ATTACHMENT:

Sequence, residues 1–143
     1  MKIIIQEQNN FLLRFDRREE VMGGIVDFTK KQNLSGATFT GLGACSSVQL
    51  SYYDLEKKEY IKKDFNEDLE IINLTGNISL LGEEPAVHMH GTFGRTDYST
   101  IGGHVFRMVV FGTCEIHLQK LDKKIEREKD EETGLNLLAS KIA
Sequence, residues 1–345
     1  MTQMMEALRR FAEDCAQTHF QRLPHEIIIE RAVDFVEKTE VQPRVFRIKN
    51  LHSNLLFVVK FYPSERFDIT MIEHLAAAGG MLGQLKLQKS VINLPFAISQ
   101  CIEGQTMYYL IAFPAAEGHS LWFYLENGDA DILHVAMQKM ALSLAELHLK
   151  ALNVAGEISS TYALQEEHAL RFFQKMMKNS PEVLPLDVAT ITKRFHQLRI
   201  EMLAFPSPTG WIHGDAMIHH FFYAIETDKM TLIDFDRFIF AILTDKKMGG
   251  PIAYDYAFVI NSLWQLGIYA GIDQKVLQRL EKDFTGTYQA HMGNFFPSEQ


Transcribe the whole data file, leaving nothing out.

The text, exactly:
Sequence, residues 1–143
     1  MKIIIQEQNN FLLRFDRREE VMGGIVDFTK KQNLSGATFT GLGACSSVQL
    51  SYYDLEKKEY IKKDFNEDLE IINLTGNISL LGEEPAVHMH GTFGRTDYST
   101  IGGHVFRMVV FGTCEIHLQK LDKKIEREKD EETGLNLLAS KIA
Sequence, residues 1–345
     1  MTQMMEALRR FAEDCAQTHF QRLPHEIIIE RAVDFVEKTE VQPRVFRIKN
    51  LHSNLLFVVK FYPSERFDIT MIEHLAAAGG MLGQLKLQKS VINLPFAISQ
   101  CIEGQTMYYL IAFPAAEGHS LWFYLENGDA DILHVAMQKM ALSLAELHLK
   151  ALNVAGEISS TYALQEEHAL RFFQKMMKNS PEVLPLDVAT ITKRFHQLRI
   201  EMLAFPSPTG WIHGDAMIHH FFYAIETDKM TLIDFDRFIF AILTDKKMGG
   251  PIAYDYAFVI NSLWQLGIYA GIDQKVLQRL EKDFTGTYQA HMGNFFPSEQ